Drones are a lot of fun but can also prove to be a little tricky to fly at times. And if you’re into drone photography, there is often just as much luck as skill involved to get that perfect shot. Chinese drone company DJI is making a push into a first-person world for drones with a new set of Goggles and a high-definition camera that can be attached to almost any drone.
The company is looking to sell two different versions of the kit. An $819 (Around R12 000) “FPV Experience” combo which doesn’t include a controller but comes with the goggles and two air units and cameras. DJI will also sell a $929 (R13500) “Fly More” version that includes a Phantom-style controller with new internals built to handle the low-latency transmission, the goggles, and just one air unit and camera. Both kits include all the “necessary wires and antennas.”
DJI is not the first company to come up with the concept of Goggles for drones, the big difference- here, as revealed by The Verge, is that DJI is using digital transmission technology, not the analogue technology that a lot of other FPV cameras and goggles rely on. This means it can stream 720p footage (at either 120 or 60 frames per second) from a drone to the goggles with a latency of 28 milliseconds from up to 4 kilometres away. The camera unit also comes with the ability to record this footage on an SD card. It’s a technology that is clearly aimed towards drone racing – that is becoming increasingly popular – which would gain the most from this sort of high-res detail and accuracy. Not that I would ever race with anything that expensive.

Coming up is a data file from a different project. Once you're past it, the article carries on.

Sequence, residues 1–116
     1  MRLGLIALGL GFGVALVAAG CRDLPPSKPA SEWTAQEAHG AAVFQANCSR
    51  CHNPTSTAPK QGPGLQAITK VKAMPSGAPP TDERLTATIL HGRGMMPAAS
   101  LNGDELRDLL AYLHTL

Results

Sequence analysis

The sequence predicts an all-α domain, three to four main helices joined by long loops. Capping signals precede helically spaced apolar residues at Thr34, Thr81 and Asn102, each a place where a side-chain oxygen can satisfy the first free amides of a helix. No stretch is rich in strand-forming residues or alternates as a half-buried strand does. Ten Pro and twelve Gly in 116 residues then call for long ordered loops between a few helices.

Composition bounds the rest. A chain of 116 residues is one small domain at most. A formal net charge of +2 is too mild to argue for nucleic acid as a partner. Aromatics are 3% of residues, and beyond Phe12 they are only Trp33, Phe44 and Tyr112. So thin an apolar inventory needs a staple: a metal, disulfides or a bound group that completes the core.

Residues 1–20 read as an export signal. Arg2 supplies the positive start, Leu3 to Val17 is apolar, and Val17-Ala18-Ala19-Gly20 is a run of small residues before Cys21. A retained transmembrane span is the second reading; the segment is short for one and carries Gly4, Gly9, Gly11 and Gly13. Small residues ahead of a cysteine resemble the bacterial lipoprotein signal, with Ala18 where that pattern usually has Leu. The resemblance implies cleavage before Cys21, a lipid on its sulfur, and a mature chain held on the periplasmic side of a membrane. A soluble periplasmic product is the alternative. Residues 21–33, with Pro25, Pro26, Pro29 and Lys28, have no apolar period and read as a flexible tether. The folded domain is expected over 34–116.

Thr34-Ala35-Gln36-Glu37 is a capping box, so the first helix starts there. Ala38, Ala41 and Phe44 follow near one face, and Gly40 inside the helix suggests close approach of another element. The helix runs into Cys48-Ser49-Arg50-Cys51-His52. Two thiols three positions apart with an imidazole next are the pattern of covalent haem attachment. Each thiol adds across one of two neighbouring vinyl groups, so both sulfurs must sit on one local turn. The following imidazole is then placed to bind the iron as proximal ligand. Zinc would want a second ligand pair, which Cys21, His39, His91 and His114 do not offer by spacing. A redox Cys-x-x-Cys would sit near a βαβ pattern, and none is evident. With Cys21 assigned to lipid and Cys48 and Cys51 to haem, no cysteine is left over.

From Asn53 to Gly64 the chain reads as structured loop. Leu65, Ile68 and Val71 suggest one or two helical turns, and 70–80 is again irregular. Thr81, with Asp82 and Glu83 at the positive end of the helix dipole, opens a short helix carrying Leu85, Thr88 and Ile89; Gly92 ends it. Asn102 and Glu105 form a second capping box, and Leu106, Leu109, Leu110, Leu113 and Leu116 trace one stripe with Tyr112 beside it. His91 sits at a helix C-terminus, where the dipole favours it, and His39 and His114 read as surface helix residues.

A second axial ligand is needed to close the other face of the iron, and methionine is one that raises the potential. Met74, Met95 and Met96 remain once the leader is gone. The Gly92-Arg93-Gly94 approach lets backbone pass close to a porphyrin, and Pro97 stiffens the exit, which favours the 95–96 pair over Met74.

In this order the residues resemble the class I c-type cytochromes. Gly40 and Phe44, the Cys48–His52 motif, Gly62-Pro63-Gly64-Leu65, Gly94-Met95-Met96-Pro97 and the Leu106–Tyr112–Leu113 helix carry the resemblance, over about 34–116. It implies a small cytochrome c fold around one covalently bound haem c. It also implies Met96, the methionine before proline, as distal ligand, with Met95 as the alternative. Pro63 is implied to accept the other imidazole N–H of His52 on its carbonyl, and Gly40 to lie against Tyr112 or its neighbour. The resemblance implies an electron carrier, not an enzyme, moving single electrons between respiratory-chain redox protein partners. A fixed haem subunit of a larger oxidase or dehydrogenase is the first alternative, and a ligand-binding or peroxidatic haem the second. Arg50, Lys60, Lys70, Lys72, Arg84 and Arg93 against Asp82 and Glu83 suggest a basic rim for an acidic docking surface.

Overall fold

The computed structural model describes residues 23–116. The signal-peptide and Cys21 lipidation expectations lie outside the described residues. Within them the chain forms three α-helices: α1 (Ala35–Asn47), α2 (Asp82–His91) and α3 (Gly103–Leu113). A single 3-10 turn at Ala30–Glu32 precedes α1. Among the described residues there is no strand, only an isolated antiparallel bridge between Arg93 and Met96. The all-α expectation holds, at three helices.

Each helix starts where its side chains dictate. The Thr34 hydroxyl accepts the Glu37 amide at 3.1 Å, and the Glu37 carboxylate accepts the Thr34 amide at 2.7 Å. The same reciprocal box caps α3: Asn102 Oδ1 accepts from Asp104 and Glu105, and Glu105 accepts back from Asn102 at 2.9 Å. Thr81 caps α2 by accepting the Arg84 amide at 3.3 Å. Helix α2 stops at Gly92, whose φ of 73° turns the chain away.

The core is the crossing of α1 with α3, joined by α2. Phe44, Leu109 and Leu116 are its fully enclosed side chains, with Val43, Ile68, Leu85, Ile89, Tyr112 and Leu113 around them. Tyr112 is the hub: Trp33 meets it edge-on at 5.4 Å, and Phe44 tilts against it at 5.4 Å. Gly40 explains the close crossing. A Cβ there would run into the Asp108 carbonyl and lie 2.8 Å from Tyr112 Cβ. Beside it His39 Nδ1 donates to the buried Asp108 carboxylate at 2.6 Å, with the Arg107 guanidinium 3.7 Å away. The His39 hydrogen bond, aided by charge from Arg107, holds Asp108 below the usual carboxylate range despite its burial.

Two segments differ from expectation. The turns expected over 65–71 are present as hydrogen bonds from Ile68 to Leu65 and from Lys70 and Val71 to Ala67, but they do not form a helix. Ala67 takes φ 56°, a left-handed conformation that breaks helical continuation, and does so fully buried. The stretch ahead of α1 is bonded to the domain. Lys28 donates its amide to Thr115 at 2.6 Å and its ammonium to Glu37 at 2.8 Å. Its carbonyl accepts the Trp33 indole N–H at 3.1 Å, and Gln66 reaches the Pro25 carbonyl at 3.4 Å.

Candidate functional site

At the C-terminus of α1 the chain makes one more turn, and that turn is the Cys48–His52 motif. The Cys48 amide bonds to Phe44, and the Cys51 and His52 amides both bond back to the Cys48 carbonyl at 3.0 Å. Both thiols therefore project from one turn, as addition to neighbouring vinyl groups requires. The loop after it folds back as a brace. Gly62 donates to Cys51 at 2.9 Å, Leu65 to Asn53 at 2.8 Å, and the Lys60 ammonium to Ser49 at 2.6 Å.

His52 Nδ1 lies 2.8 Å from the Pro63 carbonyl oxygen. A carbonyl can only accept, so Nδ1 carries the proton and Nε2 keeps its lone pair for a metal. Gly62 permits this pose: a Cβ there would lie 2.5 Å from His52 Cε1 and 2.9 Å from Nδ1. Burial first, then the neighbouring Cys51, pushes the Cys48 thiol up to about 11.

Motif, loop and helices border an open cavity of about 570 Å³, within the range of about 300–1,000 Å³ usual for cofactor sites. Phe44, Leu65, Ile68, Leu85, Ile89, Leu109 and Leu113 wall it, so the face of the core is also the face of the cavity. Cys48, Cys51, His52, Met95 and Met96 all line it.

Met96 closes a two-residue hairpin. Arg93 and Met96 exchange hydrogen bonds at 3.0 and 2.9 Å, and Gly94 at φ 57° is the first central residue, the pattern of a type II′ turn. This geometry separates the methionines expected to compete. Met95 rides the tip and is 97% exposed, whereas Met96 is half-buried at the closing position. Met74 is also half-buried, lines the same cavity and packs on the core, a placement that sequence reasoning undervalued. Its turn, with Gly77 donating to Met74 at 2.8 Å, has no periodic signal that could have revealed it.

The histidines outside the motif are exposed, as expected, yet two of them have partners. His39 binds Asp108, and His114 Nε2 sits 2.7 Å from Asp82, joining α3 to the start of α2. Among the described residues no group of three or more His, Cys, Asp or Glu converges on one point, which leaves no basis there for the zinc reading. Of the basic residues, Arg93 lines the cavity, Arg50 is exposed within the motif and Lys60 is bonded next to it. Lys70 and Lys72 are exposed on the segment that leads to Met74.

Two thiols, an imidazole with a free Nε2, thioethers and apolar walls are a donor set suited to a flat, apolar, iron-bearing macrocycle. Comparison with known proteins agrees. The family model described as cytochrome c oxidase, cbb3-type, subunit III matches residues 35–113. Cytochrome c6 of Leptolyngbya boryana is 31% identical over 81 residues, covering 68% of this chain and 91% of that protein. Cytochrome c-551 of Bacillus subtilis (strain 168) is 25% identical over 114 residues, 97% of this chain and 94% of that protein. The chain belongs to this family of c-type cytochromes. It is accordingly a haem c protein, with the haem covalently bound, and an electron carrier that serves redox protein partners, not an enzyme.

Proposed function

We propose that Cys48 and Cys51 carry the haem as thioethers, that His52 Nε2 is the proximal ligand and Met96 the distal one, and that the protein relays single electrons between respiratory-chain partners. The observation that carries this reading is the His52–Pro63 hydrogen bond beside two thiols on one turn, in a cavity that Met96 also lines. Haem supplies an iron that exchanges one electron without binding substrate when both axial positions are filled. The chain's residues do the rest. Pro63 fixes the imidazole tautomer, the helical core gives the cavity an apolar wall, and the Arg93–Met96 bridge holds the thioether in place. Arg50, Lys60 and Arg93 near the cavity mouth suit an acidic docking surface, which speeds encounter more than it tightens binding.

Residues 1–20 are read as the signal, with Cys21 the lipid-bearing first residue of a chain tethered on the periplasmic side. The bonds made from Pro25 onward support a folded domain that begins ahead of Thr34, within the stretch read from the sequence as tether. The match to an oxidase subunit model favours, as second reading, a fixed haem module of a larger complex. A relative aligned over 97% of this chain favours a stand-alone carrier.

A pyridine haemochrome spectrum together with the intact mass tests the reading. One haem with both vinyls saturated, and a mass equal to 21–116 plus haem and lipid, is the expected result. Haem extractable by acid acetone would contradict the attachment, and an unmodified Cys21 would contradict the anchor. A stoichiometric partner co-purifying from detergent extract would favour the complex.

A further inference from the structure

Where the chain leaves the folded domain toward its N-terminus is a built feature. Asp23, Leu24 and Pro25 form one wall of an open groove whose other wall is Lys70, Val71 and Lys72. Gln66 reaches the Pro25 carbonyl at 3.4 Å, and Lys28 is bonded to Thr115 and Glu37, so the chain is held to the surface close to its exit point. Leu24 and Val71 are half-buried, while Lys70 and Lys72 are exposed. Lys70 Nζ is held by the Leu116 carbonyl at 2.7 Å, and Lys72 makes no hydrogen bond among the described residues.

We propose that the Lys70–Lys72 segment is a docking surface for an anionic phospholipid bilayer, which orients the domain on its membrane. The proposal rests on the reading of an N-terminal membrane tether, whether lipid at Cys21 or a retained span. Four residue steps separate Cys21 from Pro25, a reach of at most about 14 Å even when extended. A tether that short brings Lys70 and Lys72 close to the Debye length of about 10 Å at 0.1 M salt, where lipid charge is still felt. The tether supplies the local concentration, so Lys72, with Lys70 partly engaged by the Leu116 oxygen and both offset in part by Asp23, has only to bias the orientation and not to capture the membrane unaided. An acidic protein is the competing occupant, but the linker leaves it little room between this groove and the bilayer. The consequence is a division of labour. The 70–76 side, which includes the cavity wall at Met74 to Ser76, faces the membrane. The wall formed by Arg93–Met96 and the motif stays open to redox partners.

If your drones should land up in a crash however, the goggles can also record the live feed to a separate microSD card (though only at 720p / 60 fps) allowing for quick playback that can help determine where a drone went down and ensure there is at least some footage in the event of a loss of the microSD card on the drone.
So, if you have plenty of spare cash and want the best piloting experience for your drone, DJI may have the solution for you.
Last Updated: August 2, 2019